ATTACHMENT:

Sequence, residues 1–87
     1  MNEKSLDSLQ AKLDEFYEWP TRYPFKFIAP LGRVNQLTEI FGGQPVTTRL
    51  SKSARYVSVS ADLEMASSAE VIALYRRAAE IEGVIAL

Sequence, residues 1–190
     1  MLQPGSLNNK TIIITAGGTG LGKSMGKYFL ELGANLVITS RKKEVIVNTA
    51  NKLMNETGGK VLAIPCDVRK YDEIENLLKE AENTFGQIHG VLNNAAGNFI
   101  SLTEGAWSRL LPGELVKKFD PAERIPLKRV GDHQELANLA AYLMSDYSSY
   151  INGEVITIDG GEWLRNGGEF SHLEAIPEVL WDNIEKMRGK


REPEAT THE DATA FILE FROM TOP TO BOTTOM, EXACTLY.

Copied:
Sequence, residues 1–87
     1  MNEKSLDSLQ AKLDEFYEWP TRYPFKFIAP LGRVNQLTEI FGGQPVTTRL
    51  SKSARYVSVS ADLEMASSAE VIALYRRAAE IEGVIAL

Sequence, residues 1–190
     1  MLQPGSLNNK TIIITAGGTG LGKSMGKYFL ELGANLVITS RKKEVIVNTA
    51  NKLMNETGGK VLAIPCDVRK YDEIENLLKE AENTFGQIHG VLNNAAGNFI
   101  SLTEGAWSRL LPGELVKKFD PAERIPLKRV GDHQELANLA AYLMSDYSSY
   151  INGEVITIDG GEWLRNGGEF SHLEAIPEVL WDNIEKMRGK